There are many different types of terrain when you go off the road. Mud, rocks, gravel, uneven ground, steep climbs – you name it. But the most popular surface of all for off-roaders, says Francois Rossouw, is sand and dunes.
The advantage of sand is the fact that it does not damage a vehicle like the hard stuff. The vehicle can lie on its belly on a dune and be towed out without damage.
However, driving in dry sand is quite difficult, especially the sand in dunes, which get very loose.
When the sand is wet after rain, it is much easier to drive in. You get up the dunes much more easily and don’t need to deflate the tyres as much. But sand that has had just a little rain a short while before you tackle it may still be loose, although it is wet. This is when sand driving gets a bit trickier.
On the flat, it is easy to drive through wet sand, but getting up a dune becomes a problem. If you’ve got enough momentum the vehicle gets up easily, but if you accelerate as you would for normal loose sand, it is easy to overdo things.
It rained on our last Kalahari trip – just a few millimetres before we got there – and the top 30cm of sand was wet, with a dry section below it. It was in these conditions that Festus Balt floored his Land Cruiser to get up a difficult dune. He is used to soft, dry sand and accelerated hard in order to get as much momentum as possible, to ensure that he did not have to try a second time. After all, his ego was at stake!
The harder sand on top caused the 4×4 to go up the dune much more easily than usual, and before he knew it the Land Cruiser was airborne. All four wheels lifted off the ground, or shall I say the sand, and he started flying.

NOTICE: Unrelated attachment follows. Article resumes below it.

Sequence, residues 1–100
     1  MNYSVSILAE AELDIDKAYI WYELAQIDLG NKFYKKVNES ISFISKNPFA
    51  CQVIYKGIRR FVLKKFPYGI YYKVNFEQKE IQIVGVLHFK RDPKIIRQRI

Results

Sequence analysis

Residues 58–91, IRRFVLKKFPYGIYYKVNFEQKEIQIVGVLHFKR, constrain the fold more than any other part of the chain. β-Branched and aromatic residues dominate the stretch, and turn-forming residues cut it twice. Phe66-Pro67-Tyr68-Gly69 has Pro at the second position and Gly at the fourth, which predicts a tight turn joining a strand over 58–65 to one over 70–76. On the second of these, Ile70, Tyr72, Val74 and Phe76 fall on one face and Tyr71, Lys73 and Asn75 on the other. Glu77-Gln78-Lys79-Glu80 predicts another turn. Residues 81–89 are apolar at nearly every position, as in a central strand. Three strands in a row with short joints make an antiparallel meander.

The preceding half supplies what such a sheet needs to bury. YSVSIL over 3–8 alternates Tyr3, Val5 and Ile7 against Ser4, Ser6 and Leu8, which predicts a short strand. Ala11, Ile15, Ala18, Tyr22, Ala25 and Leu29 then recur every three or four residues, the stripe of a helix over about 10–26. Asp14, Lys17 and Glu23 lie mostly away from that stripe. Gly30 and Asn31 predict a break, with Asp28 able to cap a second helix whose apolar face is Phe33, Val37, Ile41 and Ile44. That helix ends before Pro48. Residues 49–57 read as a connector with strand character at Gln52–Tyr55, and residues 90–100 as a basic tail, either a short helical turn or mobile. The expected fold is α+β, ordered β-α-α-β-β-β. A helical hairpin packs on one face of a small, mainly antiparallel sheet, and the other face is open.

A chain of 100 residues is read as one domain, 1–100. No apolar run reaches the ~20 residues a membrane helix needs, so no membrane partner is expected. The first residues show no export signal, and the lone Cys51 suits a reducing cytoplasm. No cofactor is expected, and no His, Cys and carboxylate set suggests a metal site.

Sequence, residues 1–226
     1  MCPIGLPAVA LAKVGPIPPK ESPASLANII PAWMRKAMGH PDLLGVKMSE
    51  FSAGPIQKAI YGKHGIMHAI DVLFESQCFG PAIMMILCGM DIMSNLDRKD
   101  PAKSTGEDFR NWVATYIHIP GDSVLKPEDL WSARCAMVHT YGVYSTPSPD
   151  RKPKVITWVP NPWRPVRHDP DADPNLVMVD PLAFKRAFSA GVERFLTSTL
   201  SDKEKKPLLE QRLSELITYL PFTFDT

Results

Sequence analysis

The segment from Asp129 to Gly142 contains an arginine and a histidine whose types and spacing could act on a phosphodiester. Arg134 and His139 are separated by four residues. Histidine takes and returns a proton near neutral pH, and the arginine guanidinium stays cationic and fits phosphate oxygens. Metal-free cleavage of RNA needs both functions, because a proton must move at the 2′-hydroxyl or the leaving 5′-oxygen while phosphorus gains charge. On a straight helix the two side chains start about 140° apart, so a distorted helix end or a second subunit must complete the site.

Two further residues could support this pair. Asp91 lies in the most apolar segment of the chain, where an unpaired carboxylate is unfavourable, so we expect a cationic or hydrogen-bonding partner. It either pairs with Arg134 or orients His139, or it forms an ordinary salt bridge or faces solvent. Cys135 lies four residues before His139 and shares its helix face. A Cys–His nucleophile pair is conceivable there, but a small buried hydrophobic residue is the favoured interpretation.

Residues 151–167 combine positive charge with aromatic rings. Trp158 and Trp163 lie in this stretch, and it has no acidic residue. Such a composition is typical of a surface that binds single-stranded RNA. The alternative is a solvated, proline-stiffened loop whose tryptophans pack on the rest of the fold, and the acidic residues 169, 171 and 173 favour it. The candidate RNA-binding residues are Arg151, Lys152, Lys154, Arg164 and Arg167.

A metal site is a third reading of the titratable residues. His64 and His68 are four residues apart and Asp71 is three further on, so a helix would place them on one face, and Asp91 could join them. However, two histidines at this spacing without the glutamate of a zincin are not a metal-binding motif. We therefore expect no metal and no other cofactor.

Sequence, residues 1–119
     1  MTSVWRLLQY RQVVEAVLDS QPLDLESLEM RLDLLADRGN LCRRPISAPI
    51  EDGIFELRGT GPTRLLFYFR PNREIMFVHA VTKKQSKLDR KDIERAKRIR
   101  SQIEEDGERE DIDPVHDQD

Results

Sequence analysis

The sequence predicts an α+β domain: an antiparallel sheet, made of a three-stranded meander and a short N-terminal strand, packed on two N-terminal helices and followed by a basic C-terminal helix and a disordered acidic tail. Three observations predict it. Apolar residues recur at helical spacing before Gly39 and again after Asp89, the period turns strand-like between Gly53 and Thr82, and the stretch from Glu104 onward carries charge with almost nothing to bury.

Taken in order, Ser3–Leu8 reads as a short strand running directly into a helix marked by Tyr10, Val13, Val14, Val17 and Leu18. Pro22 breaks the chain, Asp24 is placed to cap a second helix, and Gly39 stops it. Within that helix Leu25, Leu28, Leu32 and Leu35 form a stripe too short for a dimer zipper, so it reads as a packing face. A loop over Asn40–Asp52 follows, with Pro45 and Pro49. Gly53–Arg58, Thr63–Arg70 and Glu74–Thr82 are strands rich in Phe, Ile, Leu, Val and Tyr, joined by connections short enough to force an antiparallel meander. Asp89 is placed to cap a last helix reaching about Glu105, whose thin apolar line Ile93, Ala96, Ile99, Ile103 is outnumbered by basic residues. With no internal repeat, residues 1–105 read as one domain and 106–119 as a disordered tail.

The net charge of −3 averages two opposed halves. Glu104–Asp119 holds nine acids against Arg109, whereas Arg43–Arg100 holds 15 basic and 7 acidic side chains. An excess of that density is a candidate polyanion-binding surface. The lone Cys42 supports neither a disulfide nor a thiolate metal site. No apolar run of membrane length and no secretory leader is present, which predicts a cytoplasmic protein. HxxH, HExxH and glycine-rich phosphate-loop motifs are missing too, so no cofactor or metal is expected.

Festus was lucky that the dune was round at the top, so the landing wasn’t as hard as it might have been. However, while he was in the air, the brakes obviously couldn’t work, so when he finally landed, he ended up on a grass knoll and had to use all his experience to keep the Cruiser under control.
Everybody in the group saw what had happened and was very wary of the harder sand. Drivers exercised such caution that in the process they over-compensated, causing quite a few vehicles to get stuck on the dune.
Because the sand was slightly wet and loose, it could be dug out by the wheels very easily. As soon as a wheel started spinning, it dug in so quickly that by the time the driver realised the wheels were digging in, he was already solidly grounded, and had to be pulled out.
The wet layer of sand that had caked together was quickly kicked out from underneath the wheel and a hole developed, while the other wheels were still on the wet, harder sand.
When you eventually reach the dry sand below the wet layer, the driving gets tougher and you are more likely to get stuck. So keep in mind that a little rain does not spoil the driving fun in the sand; it just makes it a bit more technical.
On the other hand, a lot of rain makes the sand so hard that it is much easier to get through the dunes. In such circumstances we normally choose steeper dunes and shorter approaches, so that the challenge is still worthwhile.